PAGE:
Camp Martin Johnson cabin

On the way home, I took a quick little walk on the North Country Trail. This is a piece I don't see too often, although it will be on our group hike tomorrow.

North Country Trail

Here's a pretty little clump of Indian Pipe, with one stalk lifting its head, getting ready to go to seed.

Indian pipes plant

And, who knew I'd see a new plant so soon after the last one? Actually, I've seen the leaves before, but never the flowers. I knew it was one of the bush clovers, but which one??? The colors can vary, but the long wings on the lower flower petals and the round leaves mean that it's Lespedeza intermedia, or Wandlike Bush Clover. The seeds are pretty distinctive too, but my pictures of those aren't in focus. Nice that I'll get another chance at pictures tomorrow.

wandlike bush clover

Now I have to get busy and read some more literature I brought home so I can write that column!


North Country Trail, Lake County, Michigan, north from 5-Mile Road

See Just a Hike on the same section
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Friday, August 25, 2017

Where's That Other Sock?

 
You may remember that there was a sock project in the works.

I did warn Michelle that it might take me a couple of years to get these done. She said she was good with that. If you know me, you know I was at least being honest with her.

Got the first one done a long time ago (February). Here's where I am on the second one. I did do a little tonight. The cooler weather makes me want to handle yarn.

knee socks

Off to work now! Short post tonight.


See It Fits!
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Thursday, August 24, 2017

Serious Plant Identification Attempt- Ox-tongue

 
Came home with pictures of a plant I did not know the other day. You may have seen my posting on Facebook to elicit help. Only got more questions.

So... tonight I tried some serious identification work with a real key. I haven't had to do this for a while. Tedious. Have spent all evening. Maybe have a match. Would really like one of my pro botanist friends to check it out when I get a chance.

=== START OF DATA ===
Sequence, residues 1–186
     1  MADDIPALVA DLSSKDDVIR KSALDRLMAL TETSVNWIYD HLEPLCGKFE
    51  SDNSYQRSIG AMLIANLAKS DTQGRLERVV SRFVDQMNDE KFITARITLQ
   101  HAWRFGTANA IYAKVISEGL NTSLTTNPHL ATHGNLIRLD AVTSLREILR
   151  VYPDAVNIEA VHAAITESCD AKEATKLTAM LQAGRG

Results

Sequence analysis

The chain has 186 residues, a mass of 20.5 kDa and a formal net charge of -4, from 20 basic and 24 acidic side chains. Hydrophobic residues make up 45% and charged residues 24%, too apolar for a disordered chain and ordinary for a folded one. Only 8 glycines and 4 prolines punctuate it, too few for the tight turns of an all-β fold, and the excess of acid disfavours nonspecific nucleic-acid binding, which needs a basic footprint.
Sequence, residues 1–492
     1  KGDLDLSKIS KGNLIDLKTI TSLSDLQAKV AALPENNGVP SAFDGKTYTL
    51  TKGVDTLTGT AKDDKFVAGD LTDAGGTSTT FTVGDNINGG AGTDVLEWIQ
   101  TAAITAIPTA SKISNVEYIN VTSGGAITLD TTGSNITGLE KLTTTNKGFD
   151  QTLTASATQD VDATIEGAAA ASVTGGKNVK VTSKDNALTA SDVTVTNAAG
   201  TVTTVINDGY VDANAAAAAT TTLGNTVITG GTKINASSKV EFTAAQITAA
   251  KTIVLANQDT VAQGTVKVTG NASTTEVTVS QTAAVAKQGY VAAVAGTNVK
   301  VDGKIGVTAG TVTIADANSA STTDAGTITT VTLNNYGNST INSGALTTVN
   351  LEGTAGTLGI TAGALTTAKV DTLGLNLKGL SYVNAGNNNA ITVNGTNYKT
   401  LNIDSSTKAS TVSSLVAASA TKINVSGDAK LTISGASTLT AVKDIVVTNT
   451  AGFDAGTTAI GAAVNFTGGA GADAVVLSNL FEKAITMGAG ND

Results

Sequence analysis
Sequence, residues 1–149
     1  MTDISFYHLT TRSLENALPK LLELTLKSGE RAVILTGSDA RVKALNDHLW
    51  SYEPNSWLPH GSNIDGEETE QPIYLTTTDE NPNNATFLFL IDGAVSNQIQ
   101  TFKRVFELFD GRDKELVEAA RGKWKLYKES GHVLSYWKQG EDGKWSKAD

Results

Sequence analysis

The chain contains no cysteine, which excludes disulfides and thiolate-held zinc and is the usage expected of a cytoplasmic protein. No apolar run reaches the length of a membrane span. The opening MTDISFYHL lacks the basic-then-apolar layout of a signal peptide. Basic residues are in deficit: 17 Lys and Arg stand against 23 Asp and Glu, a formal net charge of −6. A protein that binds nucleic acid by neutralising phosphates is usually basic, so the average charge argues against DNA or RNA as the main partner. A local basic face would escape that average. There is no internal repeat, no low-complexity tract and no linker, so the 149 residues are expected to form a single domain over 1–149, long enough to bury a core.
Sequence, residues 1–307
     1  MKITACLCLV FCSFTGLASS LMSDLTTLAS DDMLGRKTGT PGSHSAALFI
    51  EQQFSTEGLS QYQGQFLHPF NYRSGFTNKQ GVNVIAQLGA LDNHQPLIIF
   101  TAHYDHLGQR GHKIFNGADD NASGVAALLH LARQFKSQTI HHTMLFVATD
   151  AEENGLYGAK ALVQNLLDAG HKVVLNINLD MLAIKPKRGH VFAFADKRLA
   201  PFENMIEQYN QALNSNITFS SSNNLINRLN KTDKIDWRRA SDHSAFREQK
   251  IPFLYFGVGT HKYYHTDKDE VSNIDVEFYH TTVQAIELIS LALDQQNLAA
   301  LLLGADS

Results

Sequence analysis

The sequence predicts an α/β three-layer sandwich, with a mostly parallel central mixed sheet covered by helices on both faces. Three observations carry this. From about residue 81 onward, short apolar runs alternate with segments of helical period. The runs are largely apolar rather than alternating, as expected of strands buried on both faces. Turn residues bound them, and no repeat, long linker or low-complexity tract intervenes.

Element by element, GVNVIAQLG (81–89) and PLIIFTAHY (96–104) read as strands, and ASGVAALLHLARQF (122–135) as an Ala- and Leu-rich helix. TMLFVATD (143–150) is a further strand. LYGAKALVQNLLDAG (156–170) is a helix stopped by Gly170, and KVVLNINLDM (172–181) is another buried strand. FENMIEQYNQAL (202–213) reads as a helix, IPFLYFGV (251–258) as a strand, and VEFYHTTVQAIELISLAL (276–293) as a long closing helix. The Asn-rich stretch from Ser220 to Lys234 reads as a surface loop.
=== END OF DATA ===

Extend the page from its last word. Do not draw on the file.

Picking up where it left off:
Ox-tongue

My first impression was that it isn't a hawkweed (too many branches) or a wild lettuce (leaves aren't toothed deeply enough). That said, there could be exceptions to common examples. What it looks most like is some sort of double yellow Chicory, if you take the leaves and stems into account. Not an option.

I tried both the key in Michigan Flora, and the key in Illustrated Flora of the Northern United States. The second one is very old and outdated as to names, but there are drawings for every single species, so you can often get an ID, and then check on line for updated naming. Anyway.

No question it's in the Compositae family. I guess I won't explain that too much, but it doesn't narrow things down much. There are over 20,000 species and it's either the largest or second-largest family of plants in the world. OK. Now let's get down to business. I've greatly simplified the questions... there are many many hedges of the bets.

Key division 1: Are the heads flat ligulate (outer flat strap-like extension of the corolla- it's the outermost "petals" with the pinked edges) flowers, or are they ray and disk flowers? Think Chicory vs. Aster. Definitely more like Chicory on the left than the Aster on the right.

ChicoryAster

That puts us in Group A, now we start over.

Key division 1: Pappus or not? What's a pappus, you ask? It's the silky hairs at the top of the seed pod (from now on known as the achene). Although milkweed aren't in Compositae, the pappus is like those hairs that carry the milkweed seeds on the wind. Got it? Definitely a pappus.

Ox-tongue

Because we chose pappus, key items 3 and 4 are out of the question. Our next poser is Key division 5: Pappus composed of scales and bristles, or pappus composed entirely of hairs or bristles.

This one was pretty easy. No scales, all hairs or bristles.